Pancho, just a boy compared to Peppermint, couldn't compete but I was still surprised that Skylar left him. I can't fault her though. She certainly welcomed and nurtured him and loved him when he needed it most. And Pancho's doing fine. He's a young bachelor and is holding his head up high. He let Skylar go with grace.
We're all rooting for Pancho and looking forward to the day he meets his mate.
SPECIAL GUEST POST FROM STACY:
When I found Skylar -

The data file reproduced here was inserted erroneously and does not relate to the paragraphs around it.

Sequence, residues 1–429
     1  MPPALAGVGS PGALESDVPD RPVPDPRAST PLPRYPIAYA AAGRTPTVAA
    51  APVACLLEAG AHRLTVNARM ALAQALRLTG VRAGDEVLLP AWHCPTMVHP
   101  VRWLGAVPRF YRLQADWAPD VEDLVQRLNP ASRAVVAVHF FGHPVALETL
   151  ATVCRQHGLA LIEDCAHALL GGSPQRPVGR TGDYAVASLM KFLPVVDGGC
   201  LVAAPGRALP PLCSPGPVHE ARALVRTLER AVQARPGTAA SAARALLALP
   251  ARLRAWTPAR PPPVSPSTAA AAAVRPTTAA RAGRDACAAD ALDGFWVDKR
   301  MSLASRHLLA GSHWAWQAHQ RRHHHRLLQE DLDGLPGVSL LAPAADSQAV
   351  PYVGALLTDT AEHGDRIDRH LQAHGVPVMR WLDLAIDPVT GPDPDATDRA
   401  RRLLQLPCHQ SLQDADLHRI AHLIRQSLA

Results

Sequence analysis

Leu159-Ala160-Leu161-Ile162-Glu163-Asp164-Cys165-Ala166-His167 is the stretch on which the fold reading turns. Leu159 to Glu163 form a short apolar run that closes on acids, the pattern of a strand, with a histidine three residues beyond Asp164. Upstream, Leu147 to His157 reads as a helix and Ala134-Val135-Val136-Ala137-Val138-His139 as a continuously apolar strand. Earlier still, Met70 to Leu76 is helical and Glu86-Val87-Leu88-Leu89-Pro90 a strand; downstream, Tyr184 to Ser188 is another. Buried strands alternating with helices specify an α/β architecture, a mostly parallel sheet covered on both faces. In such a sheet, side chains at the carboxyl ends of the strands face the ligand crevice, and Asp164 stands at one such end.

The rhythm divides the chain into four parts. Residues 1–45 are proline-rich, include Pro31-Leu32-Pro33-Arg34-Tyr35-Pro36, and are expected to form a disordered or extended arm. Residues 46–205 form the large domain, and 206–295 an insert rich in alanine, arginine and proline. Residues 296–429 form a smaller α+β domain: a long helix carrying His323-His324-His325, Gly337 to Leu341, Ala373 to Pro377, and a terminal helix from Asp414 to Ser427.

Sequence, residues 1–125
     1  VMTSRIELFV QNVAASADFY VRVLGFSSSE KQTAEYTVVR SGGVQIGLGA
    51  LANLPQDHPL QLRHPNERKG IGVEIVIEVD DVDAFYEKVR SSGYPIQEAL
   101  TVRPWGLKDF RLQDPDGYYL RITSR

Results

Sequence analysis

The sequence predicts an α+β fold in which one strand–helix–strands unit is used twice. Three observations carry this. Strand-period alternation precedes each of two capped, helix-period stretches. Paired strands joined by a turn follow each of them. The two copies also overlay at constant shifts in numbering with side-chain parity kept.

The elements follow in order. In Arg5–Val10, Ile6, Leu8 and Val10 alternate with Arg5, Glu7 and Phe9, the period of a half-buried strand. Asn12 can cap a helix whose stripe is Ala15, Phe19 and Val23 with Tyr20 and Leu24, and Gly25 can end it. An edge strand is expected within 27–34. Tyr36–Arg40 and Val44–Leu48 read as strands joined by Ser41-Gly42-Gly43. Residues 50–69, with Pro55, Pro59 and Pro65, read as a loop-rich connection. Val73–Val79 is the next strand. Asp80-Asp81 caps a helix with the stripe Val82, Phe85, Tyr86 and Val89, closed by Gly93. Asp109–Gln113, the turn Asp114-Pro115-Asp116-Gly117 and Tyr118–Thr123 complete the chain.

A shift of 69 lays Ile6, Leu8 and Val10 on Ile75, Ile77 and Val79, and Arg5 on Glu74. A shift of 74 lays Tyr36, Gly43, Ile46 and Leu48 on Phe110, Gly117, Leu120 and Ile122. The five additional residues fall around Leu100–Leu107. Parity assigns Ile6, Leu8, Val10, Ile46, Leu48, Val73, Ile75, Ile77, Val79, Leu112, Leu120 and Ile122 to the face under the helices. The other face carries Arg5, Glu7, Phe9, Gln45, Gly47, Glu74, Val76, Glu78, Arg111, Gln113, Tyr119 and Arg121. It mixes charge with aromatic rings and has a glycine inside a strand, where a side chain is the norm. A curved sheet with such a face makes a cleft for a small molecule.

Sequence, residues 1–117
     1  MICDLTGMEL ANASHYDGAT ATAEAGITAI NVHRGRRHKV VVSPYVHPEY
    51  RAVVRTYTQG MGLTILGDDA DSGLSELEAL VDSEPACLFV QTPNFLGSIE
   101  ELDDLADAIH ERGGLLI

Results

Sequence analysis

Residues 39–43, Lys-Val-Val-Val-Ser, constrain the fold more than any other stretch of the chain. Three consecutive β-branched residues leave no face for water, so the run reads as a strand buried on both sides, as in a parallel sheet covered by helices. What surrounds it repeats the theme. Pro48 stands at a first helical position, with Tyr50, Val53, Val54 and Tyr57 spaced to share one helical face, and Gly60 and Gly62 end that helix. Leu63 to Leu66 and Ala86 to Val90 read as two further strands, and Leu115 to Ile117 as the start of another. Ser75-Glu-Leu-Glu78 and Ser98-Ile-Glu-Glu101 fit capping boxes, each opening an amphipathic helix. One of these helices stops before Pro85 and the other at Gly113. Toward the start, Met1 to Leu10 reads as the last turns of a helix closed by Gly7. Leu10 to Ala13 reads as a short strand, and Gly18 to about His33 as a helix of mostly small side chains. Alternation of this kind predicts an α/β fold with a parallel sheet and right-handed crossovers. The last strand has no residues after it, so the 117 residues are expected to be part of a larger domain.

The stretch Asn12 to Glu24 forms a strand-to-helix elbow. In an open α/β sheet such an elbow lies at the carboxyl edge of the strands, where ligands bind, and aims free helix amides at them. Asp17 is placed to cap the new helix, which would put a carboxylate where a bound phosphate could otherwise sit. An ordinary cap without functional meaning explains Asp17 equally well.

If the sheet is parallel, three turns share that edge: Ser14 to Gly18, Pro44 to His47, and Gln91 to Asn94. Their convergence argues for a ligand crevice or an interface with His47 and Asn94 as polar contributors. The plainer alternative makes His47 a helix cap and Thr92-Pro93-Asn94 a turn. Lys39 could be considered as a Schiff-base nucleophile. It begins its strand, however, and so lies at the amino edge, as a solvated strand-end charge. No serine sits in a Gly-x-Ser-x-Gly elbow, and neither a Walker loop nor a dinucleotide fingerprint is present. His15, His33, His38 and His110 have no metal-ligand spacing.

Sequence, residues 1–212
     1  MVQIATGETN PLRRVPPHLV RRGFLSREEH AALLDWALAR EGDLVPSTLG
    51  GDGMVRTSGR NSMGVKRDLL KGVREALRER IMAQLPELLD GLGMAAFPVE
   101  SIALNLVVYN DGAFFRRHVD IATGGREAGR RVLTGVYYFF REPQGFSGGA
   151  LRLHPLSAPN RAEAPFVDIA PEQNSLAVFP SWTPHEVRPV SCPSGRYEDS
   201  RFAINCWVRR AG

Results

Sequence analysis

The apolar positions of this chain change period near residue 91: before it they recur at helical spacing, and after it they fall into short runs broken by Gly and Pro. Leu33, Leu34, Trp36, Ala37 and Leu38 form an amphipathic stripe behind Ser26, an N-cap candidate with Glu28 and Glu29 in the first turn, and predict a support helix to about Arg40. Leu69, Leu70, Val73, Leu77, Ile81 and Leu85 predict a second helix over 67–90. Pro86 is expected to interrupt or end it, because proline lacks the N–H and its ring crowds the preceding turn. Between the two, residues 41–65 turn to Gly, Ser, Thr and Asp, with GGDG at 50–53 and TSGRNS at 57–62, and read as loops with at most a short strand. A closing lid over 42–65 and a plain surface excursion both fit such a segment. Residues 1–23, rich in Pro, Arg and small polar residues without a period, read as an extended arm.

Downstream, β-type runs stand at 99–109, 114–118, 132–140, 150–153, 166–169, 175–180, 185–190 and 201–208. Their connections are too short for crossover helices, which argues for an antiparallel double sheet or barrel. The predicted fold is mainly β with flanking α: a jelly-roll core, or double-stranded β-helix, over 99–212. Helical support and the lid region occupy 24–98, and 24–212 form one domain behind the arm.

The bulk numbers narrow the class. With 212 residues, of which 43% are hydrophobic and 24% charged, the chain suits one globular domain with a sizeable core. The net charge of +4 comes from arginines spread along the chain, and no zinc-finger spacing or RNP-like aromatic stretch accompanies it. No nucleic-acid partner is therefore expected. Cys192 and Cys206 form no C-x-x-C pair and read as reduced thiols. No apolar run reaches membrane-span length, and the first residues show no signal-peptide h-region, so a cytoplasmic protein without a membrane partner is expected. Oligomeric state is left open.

I work in one of the old army barrack buildings on Old Mason/Marina Blvd in Crissy Field. We have an incredible view of the bay and Golden Gate Bridge from across the street. And, lots of green grass and trees. Over the past few months, there had been an increase in white king pigeon sightings in the park area across from my office. One of my coworkers, an avid birder, told me that the birds were spotted often after one of the ceremonial releases at the Palace of Fine Arts. Weddings, graduation ceremonies and such - where a flock of white "doves" would be released, however - many of the "doves" were actually baby king pigeons, who could barely fly and did not get the homing thing with the other birds. When these white, barely flying birds would end up in Crissy Field, they looked like marshmallows in the grass - super easy to spot, and relatively easy to catch. The hawks and other local predators would have a field day, and I would find patches of feathers where the kill had taken place. I rescued one sickly pigeon, named her Puff - and unfortunately, she only lived for about a week before succumbing to a respiratory disease. But, I got great help from Elizabeth Young, whom I had the pleasure of getting to know better when by serendipity she gave a talk at my office (the Exploratorium) on pigeon fostering and pigeon intelligence.